Aurora van Zoelen
February 20, 2012
Prof. Claire Downey
Critical Reading and Writing I
We have long ago stop seeing chairs as mere objects of function and have developed them according to the changing aesthetics, technologies and ideologies of time. The Eames Lounge Chair and Ottoman is a standard of luxury that up to today continues to influence culture and design. In 1956 husband and wife- Charles and Ray Eames- invented this chair. Half a century after its creation, the Eames Lounge chair has become an icon of luxury, taste and design.
The Eames Lounge chair is made from wood, aluminum, foam, leather, steel and rubber. It is constructed from three frames or shells of heat-molded plywood, leather padding, armrests and an inclined five star aluminum base. The chair is accompanied by a footrest or ottoman that has the same shell as the chair’s headrest. They are also known by their model numbers: 670 and 671 accordingly. Today, original Eames Lounge Chairs can be purchased through two companies, Herman Miller in the United States and Vitra in Europe. As improvements, the chair is now made from 29% recycled and 24% recyclable materials. The wood employed comes exclusively from sustainably managed forests.
MID-CENTURY MONGER: THE EAMES CHAIR
Charles and Ray Eames, who pioneered modern chair design in the 1940s and ’50s, were responsible for some of the most innovative chairs of the 20th century. Their chairs were fabricated from wood, fiberglass, plastic, and metal mesh. Eames chairs have been widely imitated, but originals are highly sought-after by collectors because they are considered breakthroughs in both design and technology.
In 1940, Charles Eames met Ray Kaiser at Cranbrook Academy of Art in Michigan, which was also home to architect and Eames collaborator Eero Saarinen and furniture designer Harry Bertoia. The couple married a year later and moved to Los Angeles to continue their work in molded plywood.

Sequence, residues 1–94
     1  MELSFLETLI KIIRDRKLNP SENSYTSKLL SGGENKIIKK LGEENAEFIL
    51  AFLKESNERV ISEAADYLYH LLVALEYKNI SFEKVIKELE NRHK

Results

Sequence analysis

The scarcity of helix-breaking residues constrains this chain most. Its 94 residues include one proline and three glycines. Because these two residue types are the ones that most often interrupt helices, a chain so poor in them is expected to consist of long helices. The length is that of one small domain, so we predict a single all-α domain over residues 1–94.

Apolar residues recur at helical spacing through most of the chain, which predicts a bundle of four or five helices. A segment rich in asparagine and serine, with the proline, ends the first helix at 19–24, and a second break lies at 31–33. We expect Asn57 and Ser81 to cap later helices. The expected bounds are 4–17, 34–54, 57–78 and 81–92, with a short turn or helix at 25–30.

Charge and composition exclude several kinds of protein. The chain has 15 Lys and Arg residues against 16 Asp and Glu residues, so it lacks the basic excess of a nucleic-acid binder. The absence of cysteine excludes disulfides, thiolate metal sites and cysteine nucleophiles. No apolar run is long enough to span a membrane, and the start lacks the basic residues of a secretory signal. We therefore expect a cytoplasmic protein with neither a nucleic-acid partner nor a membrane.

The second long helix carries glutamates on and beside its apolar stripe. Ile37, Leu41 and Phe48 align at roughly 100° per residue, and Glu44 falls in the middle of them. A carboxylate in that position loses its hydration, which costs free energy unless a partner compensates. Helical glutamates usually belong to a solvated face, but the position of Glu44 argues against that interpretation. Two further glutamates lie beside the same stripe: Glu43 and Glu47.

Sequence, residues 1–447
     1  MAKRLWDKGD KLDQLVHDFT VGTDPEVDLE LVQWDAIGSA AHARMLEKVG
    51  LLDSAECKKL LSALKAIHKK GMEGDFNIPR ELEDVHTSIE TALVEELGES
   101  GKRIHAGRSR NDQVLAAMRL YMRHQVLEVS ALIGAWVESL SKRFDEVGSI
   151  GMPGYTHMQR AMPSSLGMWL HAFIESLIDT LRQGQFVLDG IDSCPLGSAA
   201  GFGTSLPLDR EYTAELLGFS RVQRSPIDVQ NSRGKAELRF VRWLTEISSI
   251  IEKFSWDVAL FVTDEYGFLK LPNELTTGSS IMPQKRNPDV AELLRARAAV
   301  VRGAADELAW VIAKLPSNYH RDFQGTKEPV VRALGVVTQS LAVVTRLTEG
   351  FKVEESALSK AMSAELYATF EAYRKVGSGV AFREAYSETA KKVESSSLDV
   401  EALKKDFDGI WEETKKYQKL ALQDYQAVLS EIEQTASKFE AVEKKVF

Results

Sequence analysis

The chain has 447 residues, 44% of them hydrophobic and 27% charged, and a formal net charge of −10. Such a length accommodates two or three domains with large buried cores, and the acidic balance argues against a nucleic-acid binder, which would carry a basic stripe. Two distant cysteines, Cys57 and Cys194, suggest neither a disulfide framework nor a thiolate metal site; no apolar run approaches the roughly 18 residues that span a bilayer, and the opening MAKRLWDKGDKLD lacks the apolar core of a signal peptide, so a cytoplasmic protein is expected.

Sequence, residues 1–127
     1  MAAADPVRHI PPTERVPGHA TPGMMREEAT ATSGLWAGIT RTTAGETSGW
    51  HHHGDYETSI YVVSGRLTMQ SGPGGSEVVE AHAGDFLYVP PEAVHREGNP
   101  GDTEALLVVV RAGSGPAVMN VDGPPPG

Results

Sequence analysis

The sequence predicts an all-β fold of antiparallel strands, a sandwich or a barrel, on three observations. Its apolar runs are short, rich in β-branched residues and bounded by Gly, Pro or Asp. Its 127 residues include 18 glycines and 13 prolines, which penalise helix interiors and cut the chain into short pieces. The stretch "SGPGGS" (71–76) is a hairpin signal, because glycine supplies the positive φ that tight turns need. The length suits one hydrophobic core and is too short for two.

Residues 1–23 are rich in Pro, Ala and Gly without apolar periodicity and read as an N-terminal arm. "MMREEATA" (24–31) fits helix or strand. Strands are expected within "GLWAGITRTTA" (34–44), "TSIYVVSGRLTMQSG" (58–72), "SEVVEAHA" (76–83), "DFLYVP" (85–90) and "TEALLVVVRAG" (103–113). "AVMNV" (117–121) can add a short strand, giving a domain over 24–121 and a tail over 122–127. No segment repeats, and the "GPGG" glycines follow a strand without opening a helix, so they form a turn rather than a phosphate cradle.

By 1945, the couple had figured out how to create compound curves in molded plywood. One of their first pieces was a birch child’s chair and stool manufactured by the Molded Plywood Division of Evans Products — production was limited to just 5,000 pieces.
Evans also produced about 1,000 LCW chairs (which stands for Lounge Chair Wood) before the Eameses began a long collaboration with the Herman Miller Furniture Company, which produced and distributed a number of chairs for them, including the DCM (Dining Chair Metal), in which two pieces of plywood are secured to a solid-rod chromed frame with rubber shock mounts. In 1951, Herman Miller was selling 2,000 of these chairs a month (examples with wooden legs were less popular, making them more collectible today).
Molded fiberglass chairs in a variety of bright colors — with or without arms, with or
without a rocking base — came next. Serious Eames connoisseurs look for chairs from
this period, 1950-1953, with a “Miller-Zenith” label on their undersides. The ones with
wooden bases (DAW, PAW) are less common and thus more sought-after than the ones
with metal legs (DAR, LAX, LAR, RAR). Around the same time, the couple designed
chairs made from sturdy wire mesh, with covers available in leather, vinyl, and fabric by
designer Alexander Girard.